Founder-CEOs aren’t unusual for public companies. You only have to look at Jeff Bezos at Amazon, Larry Page at Google/Alphabet and Mark Zuckerberg at Facebook to see examples of entrepreneurs being trusted to run big firms. But in each of those cases, the founder’s continuing control depends on the support of the other shareholders.
This is not true for Sports Direct. The FTSE 100 retailer is still majority owned by its founder Mike Ashley. Technically, he’s the ‘executive deputy chairman’ rather than the CEO, but there’s little doubt who calls the shots. That’s what makes Sports Direct’s announcement that it’s cancelling a loan facility with Ashley all the more interesting.
For the last couple of years, the company has kept its interest payments with the banks down by means of a £250m loan facility with its founder instead, something it said is ‘an unusual arrangement for a public company’, but which has been ‘of significant benefit to the Group, over time giving rise to a saving of over £1m’.
Not what most FTSE 100 firms would call significant, but that’s by the by. As a result of recent ‘unjustified criticism over related party transactions... it has been decided that it is in the best interests of the Group and its shareholders to avoid further criticism at this time. Accordingly, the Group will not draw down on the [Ashley loan] for the foreseeable future.‘
No one really cares about the financial implications of the loan facility itself. What this really means is that Ashley wants to distance his company from himself. It’s part of a concerted effort to improve Sports Direct’s reputation after allegations of ‘work-house’ conditions at its warehouse caused the share price to lose nearly half their value since early December.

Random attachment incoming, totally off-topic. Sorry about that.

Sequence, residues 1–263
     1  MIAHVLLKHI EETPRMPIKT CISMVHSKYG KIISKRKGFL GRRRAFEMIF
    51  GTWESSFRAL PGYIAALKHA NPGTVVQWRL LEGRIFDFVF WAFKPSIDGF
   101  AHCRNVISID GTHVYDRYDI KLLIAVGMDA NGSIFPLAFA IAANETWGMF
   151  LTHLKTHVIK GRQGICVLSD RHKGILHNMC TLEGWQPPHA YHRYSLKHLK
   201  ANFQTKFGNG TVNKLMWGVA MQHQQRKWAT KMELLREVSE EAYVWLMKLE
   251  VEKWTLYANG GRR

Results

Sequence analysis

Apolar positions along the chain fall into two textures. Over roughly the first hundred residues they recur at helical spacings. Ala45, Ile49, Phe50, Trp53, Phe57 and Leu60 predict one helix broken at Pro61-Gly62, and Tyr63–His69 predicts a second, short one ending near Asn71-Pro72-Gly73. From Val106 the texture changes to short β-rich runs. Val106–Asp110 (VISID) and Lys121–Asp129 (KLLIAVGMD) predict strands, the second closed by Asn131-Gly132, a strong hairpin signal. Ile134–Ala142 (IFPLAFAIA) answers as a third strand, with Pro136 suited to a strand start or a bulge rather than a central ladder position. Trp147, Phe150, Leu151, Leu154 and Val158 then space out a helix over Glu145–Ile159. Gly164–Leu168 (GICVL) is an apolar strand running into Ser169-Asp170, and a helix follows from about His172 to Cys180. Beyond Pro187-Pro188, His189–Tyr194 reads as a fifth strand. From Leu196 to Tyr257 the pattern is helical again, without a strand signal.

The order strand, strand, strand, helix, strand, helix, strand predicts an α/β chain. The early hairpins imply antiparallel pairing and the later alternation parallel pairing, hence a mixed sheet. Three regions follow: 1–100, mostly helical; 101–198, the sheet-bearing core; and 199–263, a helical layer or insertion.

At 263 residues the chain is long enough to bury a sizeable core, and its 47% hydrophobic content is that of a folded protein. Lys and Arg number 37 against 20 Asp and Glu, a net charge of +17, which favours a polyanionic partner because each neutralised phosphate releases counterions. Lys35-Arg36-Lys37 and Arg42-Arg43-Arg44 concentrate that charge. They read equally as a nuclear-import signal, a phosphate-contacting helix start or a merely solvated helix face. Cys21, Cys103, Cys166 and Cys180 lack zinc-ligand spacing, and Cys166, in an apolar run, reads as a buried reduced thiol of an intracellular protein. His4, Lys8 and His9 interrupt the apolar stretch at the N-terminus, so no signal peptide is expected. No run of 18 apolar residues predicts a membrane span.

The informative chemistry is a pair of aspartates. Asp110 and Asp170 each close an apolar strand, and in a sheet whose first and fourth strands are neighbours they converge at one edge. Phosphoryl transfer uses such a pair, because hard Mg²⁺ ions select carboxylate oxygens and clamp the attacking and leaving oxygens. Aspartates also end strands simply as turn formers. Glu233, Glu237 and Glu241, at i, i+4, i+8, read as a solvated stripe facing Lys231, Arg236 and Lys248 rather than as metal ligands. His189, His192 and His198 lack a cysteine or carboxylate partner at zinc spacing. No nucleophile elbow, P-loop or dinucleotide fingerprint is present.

Ashley clearly cares about this, which is why he said he’d personally oversee conditions at the company’s Shirebrook headquarters and make sure Sports Direct was ‘the best high street retail employer, after John Lewis’. But it won’t work. Shares in the company fell again on the news, by 2.8% to 389p – not what you’d expect if Ashley had successfully convinced people he’s distancing himself from the company.
Whether rightly or wrongly, Sports Direct has a bad rep. It’s associated with harsh treatment of workers and suppliers, less-than-exemplary corporate governance (most chairmen know when one of their companies is going into liquidation before it actually happens) and some eccentric investments and joint ventures (Rangers, anyone?). Only by being scrupulous in following best practice and transparent to a fault can Sports Direct wipe that image clean.
Perhaps that is theoretically possible in some respects, but not in the case of Ashley. No one will believe his influence over the company is anything less than total while he’s still the majority shareholder, regardless of whether he’s providing loans or what his title is (he could be called the deputy assistant under-intern for all the difference that would make).
That means there will always be doubts about the firm’s corporate governance until he sells his stake, which is about as likely as a 50ft bronze statue of Ashley decked out as St George being unveiled at the Ibrox stadium in Glasgow. This doesn’t mean Sports Direct can’t improve its reputation, of course, but it will take more than a few gestures to do so.